An Italian professor, Enrico Forlanini, had an ingenious idea for overcoming the weight of a boiler and its hearth: shortly before his experiment started, he forced steam superheated to a pressure of about 10 kilos per square centimetre into a small metal sphere, from which a calibrated valve allowed it to escape into the cylinders.
The complete assembly, including the two rotors, weighed hardly more than 3.5 kilos. It successfully became airborne, and in 1878 actually rose to a height of nearly 13 metres, where it remained for some 20 seconds.
P.Lambermont "Helicopters and Autogyros of the World", 1958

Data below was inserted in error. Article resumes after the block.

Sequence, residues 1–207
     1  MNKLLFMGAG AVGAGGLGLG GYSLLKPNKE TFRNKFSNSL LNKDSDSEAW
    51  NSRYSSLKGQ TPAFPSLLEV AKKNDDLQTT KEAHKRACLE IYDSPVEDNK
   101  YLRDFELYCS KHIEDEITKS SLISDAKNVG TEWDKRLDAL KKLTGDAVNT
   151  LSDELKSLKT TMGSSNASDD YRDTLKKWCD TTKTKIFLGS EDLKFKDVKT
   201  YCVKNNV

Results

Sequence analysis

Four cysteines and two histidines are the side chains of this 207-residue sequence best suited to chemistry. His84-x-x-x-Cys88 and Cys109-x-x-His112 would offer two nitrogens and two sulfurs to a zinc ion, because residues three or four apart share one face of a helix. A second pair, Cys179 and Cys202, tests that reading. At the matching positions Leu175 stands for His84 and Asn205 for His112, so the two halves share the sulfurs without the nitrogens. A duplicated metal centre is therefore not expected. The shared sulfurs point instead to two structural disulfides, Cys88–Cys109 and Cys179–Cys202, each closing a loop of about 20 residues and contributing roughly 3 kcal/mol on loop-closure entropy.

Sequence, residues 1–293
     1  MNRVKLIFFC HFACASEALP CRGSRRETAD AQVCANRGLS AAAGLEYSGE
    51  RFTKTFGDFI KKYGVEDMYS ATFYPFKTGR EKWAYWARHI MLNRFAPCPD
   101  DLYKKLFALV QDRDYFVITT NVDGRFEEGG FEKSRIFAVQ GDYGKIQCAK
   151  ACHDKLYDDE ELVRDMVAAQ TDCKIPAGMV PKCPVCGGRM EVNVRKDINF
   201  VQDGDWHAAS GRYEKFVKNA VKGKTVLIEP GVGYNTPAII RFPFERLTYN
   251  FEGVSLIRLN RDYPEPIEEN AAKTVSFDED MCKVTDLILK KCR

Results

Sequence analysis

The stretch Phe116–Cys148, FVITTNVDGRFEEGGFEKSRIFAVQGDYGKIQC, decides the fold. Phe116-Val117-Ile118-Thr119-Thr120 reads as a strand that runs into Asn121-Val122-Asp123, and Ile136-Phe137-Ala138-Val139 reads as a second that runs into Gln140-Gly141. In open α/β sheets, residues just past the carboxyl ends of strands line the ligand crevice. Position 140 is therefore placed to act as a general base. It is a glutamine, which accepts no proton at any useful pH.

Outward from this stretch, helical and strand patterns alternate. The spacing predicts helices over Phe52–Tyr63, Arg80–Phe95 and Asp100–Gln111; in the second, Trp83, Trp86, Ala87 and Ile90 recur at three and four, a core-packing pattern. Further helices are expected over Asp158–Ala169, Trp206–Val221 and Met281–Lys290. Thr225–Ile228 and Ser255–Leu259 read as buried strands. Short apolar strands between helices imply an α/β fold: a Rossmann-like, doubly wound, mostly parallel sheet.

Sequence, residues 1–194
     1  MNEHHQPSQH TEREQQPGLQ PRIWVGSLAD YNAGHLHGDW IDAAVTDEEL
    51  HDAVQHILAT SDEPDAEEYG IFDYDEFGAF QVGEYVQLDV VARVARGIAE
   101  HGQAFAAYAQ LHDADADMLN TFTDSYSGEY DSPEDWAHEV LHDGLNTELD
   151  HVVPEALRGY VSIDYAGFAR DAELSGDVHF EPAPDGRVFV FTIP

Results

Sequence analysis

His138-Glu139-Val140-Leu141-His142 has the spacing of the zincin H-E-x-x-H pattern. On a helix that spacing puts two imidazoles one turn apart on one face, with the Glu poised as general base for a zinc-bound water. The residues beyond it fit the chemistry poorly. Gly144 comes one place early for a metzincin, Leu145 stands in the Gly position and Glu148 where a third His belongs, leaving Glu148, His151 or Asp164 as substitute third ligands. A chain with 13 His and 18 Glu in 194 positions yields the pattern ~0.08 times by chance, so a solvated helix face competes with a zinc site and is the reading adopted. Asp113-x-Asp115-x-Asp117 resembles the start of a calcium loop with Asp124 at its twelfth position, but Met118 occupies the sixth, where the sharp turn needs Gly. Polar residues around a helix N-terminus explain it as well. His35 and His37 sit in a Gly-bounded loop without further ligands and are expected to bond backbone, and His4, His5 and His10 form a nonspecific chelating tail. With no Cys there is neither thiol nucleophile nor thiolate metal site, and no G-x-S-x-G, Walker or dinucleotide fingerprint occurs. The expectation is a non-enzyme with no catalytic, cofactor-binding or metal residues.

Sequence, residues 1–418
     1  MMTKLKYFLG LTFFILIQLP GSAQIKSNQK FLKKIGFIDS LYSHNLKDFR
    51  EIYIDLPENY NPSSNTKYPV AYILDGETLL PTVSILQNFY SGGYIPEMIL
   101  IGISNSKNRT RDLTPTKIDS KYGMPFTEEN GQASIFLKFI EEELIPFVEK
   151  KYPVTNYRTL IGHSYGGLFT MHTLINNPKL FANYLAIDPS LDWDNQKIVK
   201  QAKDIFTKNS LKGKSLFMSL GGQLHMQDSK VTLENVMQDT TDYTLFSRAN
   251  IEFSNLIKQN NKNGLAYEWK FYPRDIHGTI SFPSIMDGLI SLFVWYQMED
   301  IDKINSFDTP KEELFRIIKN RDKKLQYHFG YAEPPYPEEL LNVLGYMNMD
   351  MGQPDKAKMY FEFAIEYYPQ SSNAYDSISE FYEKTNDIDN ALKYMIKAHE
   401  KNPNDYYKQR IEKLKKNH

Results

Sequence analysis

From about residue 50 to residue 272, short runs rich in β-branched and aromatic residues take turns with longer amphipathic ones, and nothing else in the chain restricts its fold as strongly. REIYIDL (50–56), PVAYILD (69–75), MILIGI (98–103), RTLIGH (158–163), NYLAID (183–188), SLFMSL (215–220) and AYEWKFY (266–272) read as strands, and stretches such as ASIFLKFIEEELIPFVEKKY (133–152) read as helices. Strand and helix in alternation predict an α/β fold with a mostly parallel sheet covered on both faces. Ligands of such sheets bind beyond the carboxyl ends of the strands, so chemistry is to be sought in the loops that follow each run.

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One of the most ingenious solutions was that adopted by Enrico Forlanini, who flew a model helicopter in 1877 with a pair of two-bladed, coaxial, contra-rotating rotors, using a steam engine fed by a small boiler heated by a stove which also served as a stand for the model when at rest.
The helicopter was officially demonstrated at La Scala in Milan. It rose to about 13m.
G.Apostolo "The Illustrated Encyclopedia of Helicopters", 1984